Internal narratives made external at Urban Movement Arts

by Winfield Maben for The Dance Journalphoto credit Adrianna Imhof

Urban Movement Arts debuted two works in progress as a part of their summer Artist In Residency program. Over the course of one hour Lauren Auyeung and Shanel Edwards, each premiered the works they’ve constructed over the course of the program and shared insight on their process via a talkback once each piece had concluded.

Auyeung’s work opened the evening’s program, melding sharp isolations with a smooth internal flow which provided a dynamic contrast further elevated through Auyeung’s use of dramatic stillness at key moments to create clean breaks within the choreography. Two large fans had been placed in either corner of the space which Auyeung eventually switched on. The air current from these fans furthered the metaphorical struggle and hesitation portrayed by Auyeung, who at first seems hesitant to enter the airstream, then once she finally does becomes desperate as if she’s fighting against an insurmountable force. This, when combined with the interplay between the fans and the lights placed behind them, builds an oppressive industrial atmosphere which draws the audience into the world of the dancer rather than experiencing it secondhand.

The work eventually transitions into a second section which is more upright than the first and borrows elements of latin or ballroom dance within its movement motifs. In contrast with the separated, antagonistic relationship between Auyeung and the fans in the first half, this second part sees her embracing a fan and using it as a choreographic prop. Eventually, she elevates this connection into the space as a whole; utilizing windows and window ledges in order to squeeze every last drop of choreographic potential from the room. Auyueng’s work not only creates a compelling narrative for the audience to engage with via her use of sharp dynamic movement and props, she actively invites the audience into the world she creates via said movement through her imaginative and thorough exploration of the possibilities offered by the space itself.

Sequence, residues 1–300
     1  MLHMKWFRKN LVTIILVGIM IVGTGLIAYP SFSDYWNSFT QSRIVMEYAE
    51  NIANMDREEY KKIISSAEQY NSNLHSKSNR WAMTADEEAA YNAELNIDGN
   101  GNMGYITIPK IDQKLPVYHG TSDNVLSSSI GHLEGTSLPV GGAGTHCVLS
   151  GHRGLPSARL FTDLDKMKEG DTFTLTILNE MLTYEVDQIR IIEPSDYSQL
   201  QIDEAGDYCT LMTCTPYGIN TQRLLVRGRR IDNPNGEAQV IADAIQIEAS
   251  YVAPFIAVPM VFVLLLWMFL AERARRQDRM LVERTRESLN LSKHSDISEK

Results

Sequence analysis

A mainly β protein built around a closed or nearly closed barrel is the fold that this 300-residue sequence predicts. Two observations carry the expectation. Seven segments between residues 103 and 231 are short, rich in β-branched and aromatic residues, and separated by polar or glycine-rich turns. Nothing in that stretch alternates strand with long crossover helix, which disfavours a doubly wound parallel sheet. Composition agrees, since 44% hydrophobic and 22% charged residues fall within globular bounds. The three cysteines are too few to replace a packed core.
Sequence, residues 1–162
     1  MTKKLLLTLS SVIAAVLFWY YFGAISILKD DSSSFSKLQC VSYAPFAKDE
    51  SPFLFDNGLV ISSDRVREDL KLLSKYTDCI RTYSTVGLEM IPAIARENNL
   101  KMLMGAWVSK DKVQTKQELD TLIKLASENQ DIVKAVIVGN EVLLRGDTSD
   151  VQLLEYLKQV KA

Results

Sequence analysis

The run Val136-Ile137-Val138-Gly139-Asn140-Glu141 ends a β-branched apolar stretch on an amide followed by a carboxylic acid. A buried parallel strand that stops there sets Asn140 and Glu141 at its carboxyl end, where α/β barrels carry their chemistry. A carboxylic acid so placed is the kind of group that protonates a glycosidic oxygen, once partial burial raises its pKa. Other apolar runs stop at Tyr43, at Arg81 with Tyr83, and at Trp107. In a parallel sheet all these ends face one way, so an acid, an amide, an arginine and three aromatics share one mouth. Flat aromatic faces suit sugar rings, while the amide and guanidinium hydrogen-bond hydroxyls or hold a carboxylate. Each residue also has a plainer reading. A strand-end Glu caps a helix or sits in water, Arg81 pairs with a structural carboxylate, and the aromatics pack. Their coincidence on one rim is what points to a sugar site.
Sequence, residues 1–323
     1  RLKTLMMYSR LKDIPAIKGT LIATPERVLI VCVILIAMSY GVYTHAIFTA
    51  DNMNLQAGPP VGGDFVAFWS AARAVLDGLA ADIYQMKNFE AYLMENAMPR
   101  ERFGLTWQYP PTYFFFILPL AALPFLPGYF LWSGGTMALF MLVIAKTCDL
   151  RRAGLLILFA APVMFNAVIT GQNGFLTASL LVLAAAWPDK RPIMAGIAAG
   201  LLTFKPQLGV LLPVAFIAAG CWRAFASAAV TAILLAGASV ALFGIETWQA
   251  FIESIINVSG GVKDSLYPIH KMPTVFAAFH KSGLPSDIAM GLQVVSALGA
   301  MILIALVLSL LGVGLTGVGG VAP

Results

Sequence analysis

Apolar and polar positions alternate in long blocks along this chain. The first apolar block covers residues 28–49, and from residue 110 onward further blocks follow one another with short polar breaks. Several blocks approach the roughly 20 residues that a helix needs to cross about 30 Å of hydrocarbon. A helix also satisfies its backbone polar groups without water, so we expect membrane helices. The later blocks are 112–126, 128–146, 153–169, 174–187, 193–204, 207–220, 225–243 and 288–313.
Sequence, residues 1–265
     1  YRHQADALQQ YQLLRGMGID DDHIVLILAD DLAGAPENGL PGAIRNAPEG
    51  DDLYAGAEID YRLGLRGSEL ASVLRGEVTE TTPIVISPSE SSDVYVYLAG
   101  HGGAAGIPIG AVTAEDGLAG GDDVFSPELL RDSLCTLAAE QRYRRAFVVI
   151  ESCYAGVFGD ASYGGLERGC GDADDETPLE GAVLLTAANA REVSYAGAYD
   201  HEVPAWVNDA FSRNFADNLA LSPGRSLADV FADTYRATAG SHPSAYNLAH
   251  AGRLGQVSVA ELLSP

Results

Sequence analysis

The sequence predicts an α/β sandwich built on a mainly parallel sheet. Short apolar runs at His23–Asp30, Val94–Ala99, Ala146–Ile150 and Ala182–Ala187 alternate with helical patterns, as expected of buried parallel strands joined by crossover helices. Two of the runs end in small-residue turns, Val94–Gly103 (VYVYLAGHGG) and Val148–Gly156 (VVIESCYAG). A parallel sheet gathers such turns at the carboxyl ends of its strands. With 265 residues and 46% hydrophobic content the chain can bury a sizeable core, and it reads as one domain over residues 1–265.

Following a brief transition in which sets were changed out Shanel Edwards premiered their work which portrayed a deeply personal narrative inspired by their recent hiatus from dancing. When asked about their process during the talkback they said, “I had no idea.. the space was really big and I felt intimidated so I just looked at what I hadn’t done, concept-wise, and realized I had never done a piece about myself, so I started from there”(Edwards). The personal journey Edwards traces through their work is incredibly clear; the first section’s movement is structured around building and collapsing motifs, conveying fatigue or struggle. Tactile gestures place the emphasis on the body as an object in the space, drawing the gaze of the audience and asking them to consider the role of the body in the narrative. Next Edwards’s dancers left the stage, leaving Edwards alone to perform the second and third parts of the work. The second was far more grounded in the pedestrian than anything the audience had seen so far, featuring Edwards who walked about the stage contemplatively as a spoken word soundscore played out. This grounded the work in Edwards as an individual and established the personal stakes of the themes at play, slowly building up to the culmination of the work in the last two parts.